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Chief Allied Health Professions Officer and physiotherapist

Physiotherapy is a collaborative profession.

Physiotherapists help to improve the health of more New Zealanders' each year. They achieve this in part by building and fostering professional and interpersonal connections.

Early influences

physio_Martin Chadwick 2109 418Otago physiotherapy graduate Martin Chadwick grew up on a Waikato dairy farm in New Zealand's North Island.

He picked up a few injuries as a representative level swimmer and water polo player and developed an interest in physiotherapy as a result.

Otago, with its heritage and reputation seemed a logical choice for his physiotherapy studies, and the province and its people still hold a very special place in his memories.

America calling

After two years in Dunedin, Martin did one final year of physiotherapy studies in Napier.

Soon after graduation he was on a plane bound for the United States on a short working holiday.

Twelve years of clinical practice in Colorado and Illinois later, he came 'home' with a new family and a twenty-foot shipping container filled with essentials. He had also qualified as a certified specialist in the challenging field of orthopaedics.

New portfolios

On his return, Martin accepted a role with the Waikato District Health Board, before moving to Bay of Plenty Health in the Midland region, which covers Tauranga, Te Puke, Kawerau, Katikati, Whakatāne, and Ōpōtiki.

His work in the Bay of Plenty proved rewarding, and he tells us of his pride in having led the establishment of an interdisciplinary healthcare team which continues to deliver positive results for the people of the region.

Martin's early experience as a physiotherapist in the United States prepared him well for his current position as the Ministry of Health's first Chief Allied Health Professions Officer. Martin took up the role in late 2018 and is now based in Wellington.

This inaugural position comes with a broad portfolio focused on adding breadth to New Zealand's health workforce.

Targeted teamwork

Martin's practical experience as a clinical physiotherapist now informs every dimension of his work in allied health. Such practical insights will, he feels, help him build an educated cross-disciplinary health-force which can improve public health in New Zealand.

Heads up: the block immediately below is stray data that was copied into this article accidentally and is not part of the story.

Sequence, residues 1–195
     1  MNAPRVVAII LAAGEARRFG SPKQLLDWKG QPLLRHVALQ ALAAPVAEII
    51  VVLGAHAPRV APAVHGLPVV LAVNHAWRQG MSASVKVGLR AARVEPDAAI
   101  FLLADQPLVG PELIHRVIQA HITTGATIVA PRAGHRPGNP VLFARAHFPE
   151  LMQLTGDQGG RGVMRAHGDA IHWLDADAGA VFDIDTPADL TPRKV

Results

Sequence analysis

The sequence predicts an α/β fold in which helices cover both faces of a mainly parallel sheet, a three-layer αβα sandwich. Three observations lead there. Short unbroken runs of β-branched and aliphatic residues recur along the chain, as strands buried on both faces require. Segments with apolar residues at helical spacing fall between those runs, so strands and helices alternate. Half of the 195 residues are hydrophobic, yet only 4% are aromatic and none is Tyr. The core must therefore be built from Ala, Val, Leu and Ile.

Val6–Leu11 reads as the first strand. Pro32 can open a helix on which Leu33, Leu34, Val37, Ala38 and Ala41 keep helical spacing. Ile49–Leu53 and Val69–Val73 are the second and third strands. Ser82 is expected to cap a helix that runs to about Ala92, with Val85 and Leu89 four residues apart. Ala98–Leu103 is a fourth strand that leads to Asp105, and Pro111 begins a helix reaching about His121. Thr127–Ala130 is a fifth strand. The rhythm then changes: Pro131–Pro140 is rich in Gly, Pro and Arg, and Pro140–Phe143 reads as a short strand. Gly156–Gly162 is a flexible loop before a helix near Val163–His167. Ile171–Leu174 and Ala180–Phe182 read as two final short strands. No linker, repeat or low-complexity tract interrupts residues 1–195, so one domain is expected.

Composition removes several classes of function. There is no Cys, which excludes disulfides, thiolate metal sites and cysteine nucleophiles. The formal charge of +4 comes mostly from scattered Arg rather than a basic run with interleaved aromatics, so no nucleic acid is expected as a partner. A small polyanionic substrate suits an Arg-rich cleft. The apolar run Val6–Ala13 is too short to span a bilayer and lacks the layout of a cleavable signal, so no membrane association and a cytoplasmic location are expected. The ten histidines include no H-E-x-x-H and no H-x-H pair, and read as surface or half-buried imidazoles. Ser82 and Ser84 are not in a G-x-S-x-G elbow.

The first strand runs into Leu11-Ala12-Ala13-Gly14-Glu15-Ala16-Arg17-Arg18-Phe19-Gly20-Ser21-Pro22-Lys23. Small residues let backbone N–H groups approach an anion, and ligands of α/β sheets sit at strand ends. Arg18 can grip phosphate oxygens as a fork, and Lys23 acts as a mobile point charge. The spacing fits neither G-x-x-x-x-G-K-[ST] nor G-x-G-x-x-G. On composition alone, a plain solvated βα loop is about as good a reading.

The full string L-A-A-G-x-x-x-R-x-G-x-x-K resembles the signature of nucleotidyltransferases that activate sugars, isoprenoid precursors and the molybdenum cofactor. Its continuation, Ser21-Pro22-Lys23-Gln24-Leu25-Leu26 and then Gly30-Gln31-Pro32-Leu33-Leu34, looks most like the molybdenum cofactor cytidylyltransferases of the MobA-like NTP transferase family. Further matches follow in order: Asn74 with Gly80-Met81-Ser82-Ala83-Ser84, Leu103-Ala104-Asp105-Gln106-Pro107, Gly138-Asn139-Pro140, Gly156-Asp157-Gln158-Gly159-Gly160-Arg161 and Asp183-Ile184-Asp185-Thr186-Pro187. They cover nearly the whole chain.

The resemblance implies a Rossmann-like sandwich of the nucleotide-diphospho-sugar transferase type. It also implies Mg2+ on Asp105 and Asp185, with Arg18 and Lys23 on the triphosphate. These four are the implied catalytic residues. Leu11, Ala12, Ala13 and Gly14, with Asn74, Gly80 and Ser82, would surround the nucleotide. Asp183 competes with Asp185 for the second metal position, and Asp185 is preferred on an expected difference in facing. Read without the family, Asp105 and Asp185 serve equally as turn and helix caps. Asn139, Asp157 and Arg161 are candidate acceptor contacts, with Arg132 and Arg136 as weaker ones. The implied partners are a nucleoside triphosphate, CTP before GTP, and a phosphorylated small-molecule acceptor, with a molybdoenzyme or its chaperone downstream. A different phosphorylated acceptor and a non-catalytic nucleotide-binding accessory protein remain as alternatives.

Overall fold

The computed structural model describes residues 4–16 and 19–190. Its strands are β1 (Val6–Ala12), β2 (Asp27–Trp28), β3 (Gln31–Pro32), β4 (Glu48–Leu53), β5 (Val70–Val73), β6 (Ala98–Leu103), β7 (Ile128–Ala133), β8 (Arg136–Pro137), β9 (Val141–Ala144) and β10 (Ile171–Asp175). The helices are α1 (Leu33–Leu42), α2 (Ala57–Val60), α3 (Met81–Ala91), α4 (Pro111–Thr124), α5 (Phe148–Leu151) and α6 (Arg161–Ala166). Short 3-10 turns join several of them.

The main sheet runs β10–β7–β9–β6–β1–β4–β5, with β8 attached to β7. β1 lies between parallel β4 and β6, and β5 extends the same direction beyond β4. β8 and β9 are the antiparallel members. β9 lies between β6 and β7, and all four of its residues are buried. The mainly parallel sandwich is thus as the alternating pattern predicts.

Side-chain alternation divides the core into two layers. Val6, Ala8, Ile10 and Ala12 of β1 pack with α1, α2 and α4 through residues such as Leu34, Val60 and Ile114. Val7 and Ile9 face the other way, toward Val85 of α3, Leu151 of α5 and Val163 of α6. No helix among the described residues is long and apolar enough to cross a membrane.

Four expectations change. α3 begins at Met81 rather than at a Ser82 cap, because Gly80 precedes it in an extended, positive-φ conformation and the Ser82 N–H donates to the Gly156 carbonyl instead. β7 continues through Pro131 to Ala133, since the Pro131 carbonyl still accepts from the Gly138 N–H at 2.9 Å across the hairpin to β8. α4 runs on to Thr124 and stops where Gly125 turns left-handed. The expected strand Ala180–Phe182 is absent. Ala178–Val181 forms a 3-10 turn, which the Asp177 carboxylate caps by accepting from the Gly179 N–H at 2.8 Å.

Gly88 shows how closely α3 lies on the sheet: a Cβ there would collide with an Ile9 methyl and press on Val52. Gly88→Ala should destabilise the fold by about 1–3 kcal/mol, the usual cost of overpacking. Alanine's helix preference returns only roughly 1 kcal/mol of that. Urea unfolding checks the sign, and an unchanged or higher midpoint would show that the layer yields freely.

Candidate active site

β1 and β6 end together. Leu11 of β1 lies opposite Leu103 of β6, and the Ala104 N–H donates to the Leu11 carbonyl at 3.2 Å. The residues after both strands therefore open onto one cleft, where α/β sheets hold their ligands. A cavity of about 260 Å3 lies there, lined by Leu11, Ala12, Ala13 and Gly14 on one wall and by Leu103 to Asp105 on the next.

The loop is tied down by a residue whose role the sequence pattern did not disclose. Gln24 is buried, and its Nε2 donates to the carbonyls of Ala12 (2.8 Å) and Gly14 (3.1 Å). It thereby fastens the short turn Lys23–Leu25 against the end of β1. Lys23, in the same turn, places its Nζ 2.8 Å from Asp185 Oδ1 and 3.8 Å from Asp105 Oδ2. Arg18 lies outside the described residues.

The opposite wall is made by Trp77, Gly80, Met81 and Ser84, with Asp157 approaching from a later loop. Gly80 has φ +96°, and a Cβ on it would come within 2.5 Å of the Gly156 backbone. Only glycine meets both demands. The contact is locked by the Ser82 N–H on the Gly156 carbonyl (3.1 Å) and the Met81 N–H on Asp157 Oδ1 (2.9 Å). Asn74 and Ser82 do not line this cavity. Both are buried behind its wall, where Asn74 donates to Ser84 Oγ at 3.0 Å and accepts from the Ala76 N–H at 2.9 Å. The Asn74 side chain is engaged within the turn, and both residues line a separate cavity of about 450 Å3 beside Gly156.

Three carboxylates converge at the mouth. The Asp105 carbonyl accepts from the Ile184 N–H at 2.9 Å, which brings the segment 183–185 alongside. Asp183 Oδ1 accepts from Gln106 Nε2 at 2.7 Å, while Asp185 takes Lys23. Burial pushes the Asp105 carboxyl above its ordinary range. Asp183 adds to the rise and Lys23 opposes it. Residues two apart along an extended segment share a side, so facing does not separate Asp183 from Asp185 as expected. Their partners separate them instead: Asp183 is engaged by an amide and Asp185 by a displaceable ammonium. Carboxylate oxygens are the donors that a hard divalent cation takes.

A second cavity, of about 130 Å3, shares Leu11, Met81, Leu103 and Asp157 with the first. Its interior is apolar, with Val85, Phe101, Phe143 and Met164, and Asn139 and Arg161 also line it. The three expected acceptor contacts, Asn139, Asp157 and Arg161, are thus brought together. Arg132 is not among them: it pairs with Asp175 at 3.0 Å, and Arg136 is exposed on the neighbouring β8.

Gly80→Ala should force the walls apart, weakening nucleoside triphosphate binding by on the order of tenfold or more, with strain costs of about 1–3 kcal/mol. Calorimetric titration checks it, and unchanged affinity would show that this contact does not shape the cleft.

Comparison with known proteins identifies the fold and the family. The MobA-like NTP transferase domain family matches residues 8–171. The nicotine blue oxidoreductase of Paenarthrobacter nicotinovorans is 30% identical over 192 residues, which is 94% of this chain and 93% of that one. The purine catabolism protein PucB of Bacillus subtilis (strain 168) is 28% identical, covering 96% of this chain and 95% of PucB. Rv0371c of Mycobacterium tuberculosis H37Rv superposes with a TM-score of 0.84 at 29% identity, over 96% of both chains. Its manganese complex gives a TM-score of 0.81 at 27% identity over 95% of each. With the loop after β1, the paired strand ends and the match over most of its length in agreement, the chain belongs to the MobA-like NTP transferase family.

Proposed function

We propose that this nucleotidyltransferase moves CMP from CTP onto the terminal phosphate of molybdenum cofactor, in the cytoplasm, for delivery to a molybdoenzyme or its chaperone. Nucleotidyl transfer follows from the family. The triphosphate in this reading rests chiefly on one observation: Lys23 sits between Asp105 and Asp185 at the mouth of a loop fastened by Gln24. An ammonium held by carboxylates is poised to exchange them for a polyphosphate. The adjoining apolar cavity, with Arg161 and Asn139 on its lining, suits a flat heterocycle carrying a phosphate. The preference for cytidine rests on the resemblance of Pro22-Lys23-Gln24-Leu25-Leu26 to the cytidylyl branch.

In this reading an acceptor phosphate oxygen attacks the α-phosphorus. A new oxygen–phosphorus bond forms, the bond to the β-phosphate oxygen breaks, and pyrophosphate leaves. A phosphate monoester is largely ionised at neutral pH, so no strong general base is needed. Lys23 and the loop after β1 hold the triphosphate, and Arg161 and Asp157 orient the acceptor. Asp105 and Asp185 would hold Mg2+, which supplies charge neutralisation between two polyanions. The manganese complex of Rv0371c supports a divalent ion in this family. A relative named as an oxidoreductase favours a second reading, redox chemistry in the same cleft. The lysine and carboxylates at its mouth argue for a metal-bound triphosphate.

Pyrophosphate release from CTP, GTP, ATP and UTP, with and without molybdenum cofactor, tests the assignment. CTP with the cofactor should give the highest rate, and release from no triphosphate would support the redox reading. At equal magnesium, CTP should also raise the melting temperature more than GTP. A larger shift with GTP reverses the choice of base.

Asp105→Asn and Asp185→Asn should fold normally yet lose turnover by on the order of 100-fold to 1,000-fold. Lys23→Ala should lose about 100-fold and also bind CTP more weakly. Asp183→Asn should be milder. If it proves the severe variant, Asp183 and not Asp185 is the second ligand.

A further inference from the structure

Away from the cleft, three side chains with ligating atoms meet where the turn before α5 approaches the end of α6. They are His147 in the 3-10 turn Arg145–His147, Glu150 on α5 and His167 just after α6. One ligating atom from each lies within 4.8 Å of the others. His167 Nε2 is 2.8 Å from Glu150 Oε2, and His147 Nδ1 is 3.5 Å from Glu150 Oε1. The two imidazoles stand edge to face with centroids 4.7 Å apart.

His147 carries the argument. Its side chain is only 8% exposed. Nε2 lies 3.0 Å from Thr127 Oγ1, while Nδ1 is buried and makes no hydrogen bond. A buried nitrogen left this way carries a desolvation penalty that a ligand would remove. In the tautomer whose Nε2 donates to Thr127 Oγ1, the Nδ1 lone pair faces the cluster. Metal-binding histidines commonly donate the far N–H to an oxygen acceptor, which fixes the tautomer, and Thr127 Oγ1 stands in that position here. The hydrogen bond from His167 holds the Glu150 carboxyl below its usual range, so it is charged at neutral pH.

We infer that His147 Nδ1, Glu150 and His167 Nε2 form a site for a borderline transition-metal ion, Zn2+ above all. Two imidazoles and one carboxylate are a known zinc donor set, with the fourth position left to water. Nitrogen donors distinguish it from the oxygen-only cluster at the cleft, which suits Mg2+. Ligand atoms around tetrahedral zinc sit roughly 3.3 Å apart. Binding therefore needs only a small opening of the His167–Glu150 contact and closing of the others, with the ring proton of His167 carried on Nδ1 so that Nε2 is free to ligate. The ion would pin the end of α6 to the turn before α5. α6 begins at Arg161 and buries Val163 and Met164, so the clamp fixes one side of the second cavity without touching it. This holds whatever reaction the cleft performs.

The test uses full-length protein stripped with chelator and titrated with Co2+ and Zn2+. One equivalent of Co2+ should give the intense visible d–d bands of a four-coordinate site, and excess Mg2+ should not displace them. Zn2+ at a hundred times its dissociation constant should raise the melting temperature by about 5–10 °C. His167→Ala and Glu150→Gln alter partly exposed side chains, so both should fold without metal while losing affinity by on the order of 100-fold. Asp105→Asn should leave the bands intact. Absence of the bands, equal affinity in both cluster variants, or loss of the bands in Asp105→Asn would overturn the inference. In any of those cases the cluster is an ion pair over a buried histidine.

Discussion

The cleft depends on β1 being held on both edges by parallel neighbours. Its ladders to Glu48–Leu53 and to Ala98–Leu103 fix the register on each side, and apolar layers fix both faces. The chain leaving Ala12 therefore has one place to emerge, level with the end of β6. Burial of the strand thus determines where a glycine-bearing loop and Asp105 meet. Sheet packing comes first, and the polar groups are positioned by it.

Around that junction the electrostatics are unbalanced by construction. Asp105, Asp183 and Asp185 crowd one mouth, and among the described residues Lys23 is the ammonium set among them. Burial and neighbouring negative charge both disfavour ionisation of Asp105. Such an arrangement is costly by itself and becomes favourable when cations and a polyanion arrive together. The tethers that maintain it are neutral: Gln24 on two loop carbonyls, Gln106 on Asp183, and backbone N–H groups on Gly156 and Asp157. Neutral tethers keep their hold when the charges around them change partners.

In this new role, Martin is also tasked with describing the benefits of informed decision making to those engaged in policy making. It may be possible to better target healthcare delivery in our communities but some questions remain about how best to explain, describe, and quantify improving outcomes. While anecdotal evidence can bring attention to key issues, empirical evidence is vital if adequate resourcing for this task is to be found.

Health outcomes in New Zealand are good by OECD standards yet there are deficits in need of attention. Martin believes that physiotherapists can act as better advocates for colleagues in medicine, nursing, occupational therapy and dentistry. They can also help boost the physiotherapy professions' inherent ability to identify and match allied health needs with the needs of people and communities.

Martin tells us that while medical schools can graduate doctor numbers proportional to the population, this is not the case for the majority of Allied Health professions. This imbalance deserves attention.

He sees great potential in the physiotherapy profession's ability to help 'join the dots' and link patients, providers, educators and all healthcare disciplines. Such connections can be transformative in the public health sphere.

The provision of good rural inter-professional healthcare programmes is reliant upon the in-depth study of all relevant human and societal factors. Such studies need to ask how 'we' can best address current inequalities given available funding levels, staffing and other resources.

All together, better healthcare

In December of 2018, Martin received a Commonwealth Fund Harkness Fellowships in Healthcare Policy and Practice for study and work for up to a year in the USA.

This is a rare opportunity for a New Zealander to carry out original research in an area of public policy which can provide new insights and encourage initiatives of benefit to the host country and to New Zealand.

He travels to the United States in August 2019, and while based in Washington DC Martin will take a close look at policy settings and policy levers which affect models of care change. 'Models of care' focus on best practice in the treatment of individual patients and population groups over the entire span of treatment.

Martin knows that the health systems of each country are quite different and yet the US has achieved some impressive results in the area of interdisciplinary healthcare. He seeks to better understand the factors at work in these achievements.

Increased awareness of the importance of keeping members of our communities healthy and contributing has created real opportunities for physiotherapy graduates in the growing field of health management and policy planning.

In Martin's experience, Otago physiotherapy graduates on the international stage are well-respected for being 'work ready' and resourceful.

His own willingness to seek out new challenges and to expand upon a well prepared earlier skill set has meant that Martin Chadwick now plays a pivotal role in the future delivery of improving interdisciplinary healthcare in New Zealand.

With the support of his family, Martin continues to learn and grow in his chosen profession of physiotherapy.

Dr Martin Chadwick holds a Diploma in Physiotherapy (Otago), a MHS (Masters Health Science) University of Indianapolis, a PG Diploma from the University of Auckland, a Certificate in Small Business Management and is a Doctor of Health Science (AUT)


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